Rosacea




This article presents an overview of the pathophysiology, epidemiology, and clinical presentations of rosacea. It also presents the therapeutic spectrum for effective management of this challenging and often confusing clinical entity.


Key points








  • Rosacea is a chronic cutaneous condition characterized by symptoms of facial flushing and a broad spectrum of clinical signs, including erythema, telangiectasias, edema, papules, pustules, ocular lesions, and rhinophyma.



  • Medical management includes lifestyle modification; sunscreen products; medical-grade skin care; oral/topical antibiotics; and topical prescription medications, such as benzoyl peroxide and azelaic acid.



  • Laser- and light-based therapies are effective for erythema reduction and also targeted treatment of telangiectasias and other prominent vasculature.



  • Severe disease may result in rhinophyma, with irregular thickening of the nasal skin and nodular deformation, often necessitating surgical management.






Definition of rosacea


Rosacea is a chronic cutaneous condition characterized by symptoms of facial flushing and a broad spectrum of clinical signs. It is considered a syndrome encompassing various combinations of such cutaneous signs as




  • Flushing



  • Erythema



  • Telangiectasias



  • Edema



  • Papules



  • Pustules



  • Ocular lesions



  • Rhinophyma



Typical patients usually present with some of these symptoms as opposed to the spectrum of possible manifestations. Its pathophysiology has been the subject of significant discussion because of its complexity and our relatively poor understanding of disease progression. Understanding the disease is of importance to facial plastic surgeons and clinicians in general because of its prevalence as well as significant lifestyle and treatment implications associated with the diagnosis.


Rosacea is defined by persistent erythema of the central portion of the face lasting for at least 3 months. Supporting criteria include flushing, papules, pustules, and telangiectasias on the convex facial surfaces. Secondary features may include burning and stinging, edema, plaques, skin dryness, ocular manifestations, and phymatous changes. The prevalence of these findings warrants disease subclassification, which, in turn, helps to rationalize the therapeutic options.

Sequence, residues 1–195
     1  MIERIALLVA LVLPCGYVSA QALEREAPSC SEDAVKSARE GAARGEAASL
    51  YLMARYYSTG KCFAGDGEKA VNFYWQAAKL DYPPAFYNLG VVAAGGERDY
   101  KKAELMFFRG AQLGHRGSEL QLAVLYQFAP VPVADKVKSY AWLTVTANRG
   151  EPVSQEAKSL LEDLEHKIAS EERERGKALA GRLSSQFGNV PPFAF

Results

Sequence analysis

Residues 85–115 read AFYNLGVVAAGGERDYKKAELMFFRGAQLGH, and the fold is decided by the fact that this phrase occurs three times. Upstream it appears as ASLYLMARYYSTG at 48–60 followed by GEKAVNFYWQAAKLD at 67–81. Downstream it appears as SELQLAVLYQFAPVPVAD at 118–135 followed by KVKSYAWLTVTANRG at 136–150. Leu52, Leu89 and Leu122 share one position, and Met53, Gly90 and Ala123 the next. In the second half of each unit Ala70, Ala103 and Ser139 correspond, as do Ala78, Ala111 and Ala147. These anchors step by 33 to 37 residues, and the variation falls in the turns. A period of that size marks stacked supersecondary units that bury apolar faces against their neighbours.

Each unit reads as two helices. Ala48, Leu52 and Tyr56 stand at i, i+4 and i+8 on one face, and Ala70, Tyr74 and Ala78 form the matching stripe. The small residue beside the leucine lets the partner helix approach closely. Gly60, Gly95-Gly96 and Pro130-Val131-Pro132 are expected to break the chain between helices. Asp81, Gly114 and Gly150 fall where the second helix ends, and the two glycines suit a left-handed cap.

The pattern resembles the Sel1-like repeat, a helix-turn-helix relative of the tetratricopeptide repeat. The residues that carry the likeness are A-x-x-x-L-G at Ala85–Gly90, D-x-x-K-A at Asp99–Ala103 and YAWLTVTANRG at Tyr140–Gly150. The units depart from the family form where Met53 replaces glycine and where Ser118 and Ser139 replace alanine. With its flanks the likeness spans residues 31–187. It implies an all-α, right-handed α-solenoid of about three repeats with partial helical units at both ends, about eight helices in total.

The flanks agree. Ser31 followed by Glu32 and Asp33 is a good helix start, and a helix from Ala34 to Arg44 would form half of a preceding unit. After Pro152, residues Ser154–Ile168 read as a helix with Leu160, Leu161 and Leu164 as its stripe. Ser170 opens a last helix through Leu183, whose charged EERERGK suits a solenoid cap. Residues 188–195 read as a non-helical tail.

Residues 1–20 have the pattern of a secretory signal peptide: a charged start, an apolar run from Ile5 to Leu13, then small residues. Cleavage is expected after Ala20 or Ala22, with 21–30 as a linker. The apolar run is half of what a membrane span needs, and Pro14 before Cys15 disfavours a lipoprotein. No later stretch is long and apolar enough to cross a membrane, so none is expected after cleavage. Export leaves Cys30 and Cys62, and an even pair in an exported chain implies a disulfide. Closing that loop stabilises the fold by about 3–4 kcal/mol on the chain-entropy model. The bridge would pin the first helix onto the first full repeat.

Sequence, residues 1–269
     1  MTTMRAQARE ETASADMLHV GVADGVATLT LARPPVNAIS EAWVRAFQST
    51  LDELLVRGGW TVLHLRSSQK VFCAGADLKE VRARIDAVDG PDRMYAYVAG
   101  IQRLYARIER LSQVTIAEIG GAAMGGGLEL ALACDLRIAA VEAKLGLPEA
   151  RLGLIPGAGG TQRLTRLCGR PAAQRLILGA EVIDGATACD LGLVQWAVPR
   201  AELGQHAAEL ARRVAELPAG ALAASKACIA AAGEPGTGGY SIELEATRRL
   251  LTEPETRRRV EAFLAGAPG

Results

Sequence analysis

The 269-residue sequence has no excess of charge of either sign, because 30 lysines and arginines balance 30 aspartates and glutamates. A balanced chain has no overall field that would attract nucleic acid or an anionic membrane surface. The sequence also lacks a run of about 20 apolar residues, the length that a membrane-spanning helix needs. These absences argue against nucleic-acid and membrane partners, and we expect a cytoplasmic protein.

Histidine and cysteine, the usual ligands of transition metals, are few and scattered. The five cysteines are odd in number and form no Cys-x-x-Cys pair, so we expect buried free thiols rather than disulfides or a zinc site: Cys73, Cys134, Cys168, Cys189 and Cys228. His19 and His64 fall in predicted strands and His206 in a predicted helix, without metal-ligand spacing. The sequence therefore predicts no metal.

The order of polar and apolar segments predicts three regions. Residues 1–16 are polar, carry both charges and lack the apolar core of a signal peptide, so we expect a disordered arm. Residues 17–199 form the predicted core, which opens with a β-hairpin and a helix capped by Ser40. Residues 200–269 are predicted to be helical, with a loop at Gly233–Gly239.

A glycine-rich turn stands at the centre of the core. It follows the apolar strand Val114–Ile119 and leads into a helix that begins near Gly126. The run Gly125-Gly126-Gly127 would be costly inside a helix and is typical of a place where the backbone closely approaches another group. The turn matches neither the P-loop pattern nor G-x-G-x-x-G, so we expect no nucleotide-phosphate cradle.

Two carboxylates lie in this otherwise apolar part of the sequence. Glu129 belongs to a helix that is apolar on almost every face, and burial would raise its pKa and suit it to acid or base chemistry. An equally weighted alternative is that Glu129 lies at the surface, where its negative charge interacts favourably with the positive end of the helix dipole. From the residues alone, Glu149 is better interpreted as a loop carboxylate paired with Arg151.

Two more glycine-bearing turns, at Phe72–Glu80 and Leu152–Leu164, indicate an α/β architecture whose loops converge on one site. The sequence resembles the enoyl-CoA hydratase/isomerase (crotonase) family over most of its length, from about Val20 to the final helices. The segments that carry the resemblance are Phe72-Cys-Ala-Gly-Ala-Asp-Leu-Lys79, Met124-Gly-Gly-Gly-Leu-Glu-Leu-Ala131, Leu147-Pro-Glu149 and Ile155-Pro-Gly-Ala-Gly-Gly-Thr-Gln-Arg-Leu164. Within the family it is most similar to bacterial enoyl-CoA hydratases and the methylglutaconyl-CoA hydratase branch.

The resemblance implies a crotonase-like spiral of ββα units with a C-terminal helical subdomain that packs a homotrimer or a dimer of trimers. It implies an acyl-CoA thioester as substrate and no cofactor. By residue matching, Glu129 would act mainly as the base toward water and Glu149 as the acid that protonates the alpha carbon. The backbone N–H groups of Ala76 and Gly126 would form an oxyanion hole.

Definition of rosacea


Rosacea is a chronic cutaneous condition characterized by symptoms of facial flushing and a broad spectrum of clinical signs. It is considered a syndrome encompassing various combinations of such cutaneous signs as




  • Flushing



  • Erythema



  • Telangiectasias



  • Edema



  • Papules



  • Pustules



  • Ocular lesions



  • Rhinophyma



Typical patients usually present with some of these symptoms as opposed to the spectrum of possible manifestations. Its pathophysiology has been the subject of significant discussion because of its complexity and our relatively poor understanding of disease progression. Understanding the disease is of importance to facial plastic surgeons and clinicians in general because of its prevalence as well as significant lifestyle and treatment implications associated with the diagnosis.


Rosacea is defined by persistent erythema of the central portion of the face lasting for at least 3 months. Supporting criteria include flushing, papules, pustules, and telangiectasias on the convex facial surfaces. Secondary features may include burning and stinging, edema, plaques, skin dryness, ocular manifestations, and phymatous changes. The prevalence of these findings warrants disease subclassification, which, in turn, helps to rationalize the therapeutic options.




Classification of rosacea


In 2002, an expert committee assembled by the National Rosacea Society explicitly defined and classified rosacea into 4 subtypes :




General guidelines for diagnosis are based on the presence of primary features and the possible existence of secondary features ( Box 1 ). Often, primary and secondary features occur together. The National Rosacea Society designated specific subtypes based on the most common patterns or groupings of clinical signs ( Table 1 ). Certainly, patients may have characteristics of more than one rosacea subtype at the same time.



Box 1





  • Presence of one or more of the following primary features



  • Flushing (transient erythema)



  • Nontransient erythema



  • Papules and pustules



  • Telangiectasia




  • May include one or more of the following secondary features



  • Burning or stinging discomfort



  • Plaque



  • Dry appearance and texture



  • Edema



  • Ocular manifestations



  • Peripheral location



  • Phymatous changes



Diagnostic guidelines for rosacea, including primary and secondary features


Table 1

Rosacea subtypes and associated clinical characteristics



















Subtype Characteristics
Erythematotelangiectatic Flushing, persistent central facial erythema with or without telangiectasias
Papulopustular Persistent central facial erythema with transient, central facial papules/pustules
Phymatous Thickened skin, irregular surface nodularities; may occur on the nose (rhinophyma), chin forehead, cheeks, or ears
Ocular Eye foreign body sensation, burning/stinging, dryness, itching, ocular photosensitivity, telangiectasias of sclera, periorbital edema


Subtype 1: Erythematotelangiectatic Rosacea